Two speakers mounted on the bottom front corners of the Duo 11 produced accurate, if not very loud, audio. When we streamed Carly Rae Jepsen's "Call Me Maybe" using the Slacker app, her voice sounded a little hollow. The bass line in the chorus of Fun's "We Are Young" barely came through, and the beat in Rihanna's "We Found Love" lacked the heart-pumping quality we're used to hearing in clubs. Neither song was able to fill our office, but was loud enough for a couple of people sitting nearby.
The Duo 11 is the first laptop we've fully tested that runs Windows 8, Microsoft's new operating system. This bold OS attempts to bridge the gap between a traditional desktop and a tablet-style interface, and actually has both. When you first boot the Duo 11, you're presented with the Modern UI, a series of customizable Live Tiles that stretch horizontally across the screen.
Tiles are divided into several sections, the first two clusters of which are Windows apps (Mail, Calendar, People, Internet Explorer, Maps, Photos, Messaging, Weather, News, SkyDrive, Store, and Desktop, to name a few). A VAIO apps section includes VAIO Care, VAIO Message Center, PlayMemories Home, Album by Sony, and Music by Sony, among others.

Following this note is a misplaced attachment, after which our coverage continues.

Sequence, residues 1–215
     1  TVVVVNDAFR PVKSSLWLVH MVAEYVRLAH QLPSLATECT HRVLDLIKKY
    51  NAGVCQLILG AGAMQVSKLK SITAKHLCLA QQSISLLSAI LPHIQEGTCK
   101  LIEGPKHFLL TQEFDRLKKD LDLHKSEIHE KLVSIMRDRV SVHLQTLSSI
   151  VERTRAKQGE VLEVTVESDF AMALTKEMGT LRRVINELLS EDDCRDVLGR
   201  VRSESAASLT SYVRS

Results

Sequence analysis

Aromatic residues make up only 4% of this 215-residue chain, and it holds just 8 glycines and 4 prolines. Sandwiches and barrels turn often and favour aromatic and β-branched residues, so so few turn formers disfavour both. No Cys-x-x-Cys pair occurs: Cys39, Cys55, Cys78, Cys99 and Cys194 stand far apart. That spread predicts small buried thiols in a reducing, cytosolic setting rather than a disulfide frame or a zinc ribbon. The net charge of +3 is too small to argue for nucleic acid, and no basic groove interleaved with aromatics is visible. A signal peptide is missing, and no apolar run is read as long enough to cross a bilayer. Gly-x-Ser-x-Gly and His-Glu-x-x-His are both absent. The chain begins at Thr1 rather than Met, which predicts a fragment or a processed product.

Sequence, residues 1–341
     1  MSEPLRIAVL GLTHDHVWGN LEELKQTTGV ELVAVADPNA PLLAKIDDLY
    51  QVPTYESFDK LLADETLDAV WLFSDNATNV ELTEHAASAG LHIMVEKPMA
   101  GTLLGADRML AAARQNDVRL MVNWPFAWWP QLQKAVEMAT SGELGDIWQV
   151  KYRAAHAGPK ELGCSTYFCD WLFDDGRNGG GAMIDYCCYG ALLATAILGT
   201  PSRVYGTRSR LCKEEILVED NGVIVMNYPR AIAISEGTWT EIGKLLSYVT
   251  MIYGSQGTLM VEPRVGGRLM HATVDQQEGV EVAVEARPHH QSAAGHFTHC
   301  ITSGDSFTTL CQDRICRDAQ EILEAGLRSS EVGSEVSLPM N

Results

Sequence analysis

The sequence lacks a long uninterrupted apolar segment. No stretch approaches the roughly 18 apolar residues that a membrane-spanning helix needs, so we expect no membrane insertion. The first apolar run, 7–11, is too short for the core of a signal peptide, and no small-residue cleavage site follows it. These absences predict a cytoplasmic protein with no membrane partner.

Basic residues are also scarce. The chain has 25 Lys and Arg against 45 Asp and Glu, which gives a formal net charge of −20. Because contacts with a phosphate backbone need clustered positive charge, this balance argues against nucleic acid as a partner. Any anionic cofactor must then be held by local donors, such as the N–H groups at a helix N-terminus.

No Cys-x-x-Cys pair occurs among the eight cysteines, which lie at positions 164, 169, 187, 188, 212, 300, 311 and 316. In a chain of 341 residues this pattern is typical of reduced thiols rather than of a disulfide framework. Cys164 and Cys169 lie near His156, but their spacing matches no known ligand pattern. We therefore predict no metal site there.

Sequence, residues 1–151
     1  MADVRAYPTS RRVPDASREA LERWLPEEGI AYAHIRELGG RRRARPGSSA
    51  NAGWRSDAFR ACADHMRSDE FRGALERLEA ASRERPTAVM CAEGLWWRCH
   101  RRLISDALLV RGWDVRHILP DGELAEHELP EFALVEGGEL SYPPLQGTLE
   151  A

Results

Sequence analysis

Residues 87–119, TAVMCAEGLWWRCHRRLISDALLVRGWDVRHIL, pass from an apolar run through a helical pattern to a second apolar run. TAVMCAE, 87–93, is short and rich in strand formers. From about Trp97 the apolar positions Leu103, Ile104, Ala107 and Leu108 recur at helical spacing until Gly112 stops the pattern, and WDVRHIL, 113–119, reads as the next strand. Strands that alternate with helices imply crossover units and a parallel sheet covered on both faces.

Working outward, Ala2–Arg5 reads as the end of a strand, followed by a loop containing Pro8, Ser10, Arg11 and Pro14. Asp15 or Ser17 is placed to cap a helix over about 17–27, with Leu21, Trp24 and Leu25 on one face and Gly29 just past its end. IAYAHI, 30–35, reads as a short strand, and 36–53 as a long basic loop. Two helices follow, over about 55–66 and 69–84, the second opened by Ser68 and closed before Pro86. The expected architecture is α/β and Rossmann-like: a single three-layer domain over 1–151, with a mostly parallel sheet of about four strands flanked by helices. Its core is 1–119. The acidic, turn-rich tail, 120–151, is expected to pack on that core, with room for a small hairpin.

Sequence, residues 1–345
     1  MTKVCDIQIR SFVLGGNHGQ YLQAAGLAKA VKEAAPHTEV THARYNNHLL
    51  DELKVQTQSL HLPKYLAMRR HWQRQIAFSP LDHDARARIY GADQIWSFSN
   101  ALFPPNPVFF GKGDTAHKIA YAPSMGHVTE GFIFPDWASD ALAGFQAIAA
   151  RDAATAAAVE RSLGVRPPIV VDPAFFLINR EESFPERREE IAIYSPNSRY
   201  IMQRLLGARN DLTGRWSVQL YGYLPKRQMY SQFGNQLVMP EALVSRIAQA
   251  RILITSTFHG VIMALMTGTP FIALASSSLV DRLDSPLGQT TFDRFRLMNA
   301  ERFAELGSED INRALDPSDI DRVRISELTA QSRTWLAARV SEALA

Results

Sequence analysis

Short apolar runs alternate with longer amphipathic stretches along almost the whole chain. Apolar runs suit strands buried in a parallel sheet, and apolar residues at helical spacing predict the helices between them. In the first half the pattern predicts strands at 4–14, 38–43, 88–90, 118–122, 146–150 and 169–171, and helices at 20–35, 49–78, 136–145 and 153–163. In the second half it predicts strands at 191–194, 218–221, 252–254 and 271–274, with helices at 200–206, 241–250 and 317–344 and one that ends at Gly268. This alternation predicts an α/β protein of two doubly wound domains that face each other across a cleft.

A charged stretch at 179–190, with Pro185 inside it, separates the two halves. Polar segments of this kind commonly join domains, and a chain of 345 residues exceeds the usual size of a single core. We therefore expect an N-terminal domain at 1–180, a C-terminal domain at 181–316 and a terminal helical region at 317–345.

You can add additional tiles by swiping up from the bottom of the screen, and selecting "All Apps." Then, in the next screen, swiping down on an icon gives you options to pin it to the Start screen, taskbar, uninstall it, open in a new window, run as administrator or open file location. We highly recommend pinning the Control Panel; it's difficult to access otherwise.
Swiping from the right bezel reveals the Charms menu, which has options for Search, Share, returning to the Start screen, Devices and Settings. Swiping from the left side of the screen lets you switch between active programs; if you swipe in, then out in one motion, open programs are shown as thumbnails along the left side.
Then, there's the Desktop mode. Selecting the Desktop tile brings you to a Windows 7-style interface, with a few notable exceptions. Instead of a Start menu in the lower left, all you get is an Internet Explorer icon, next to a file explorer.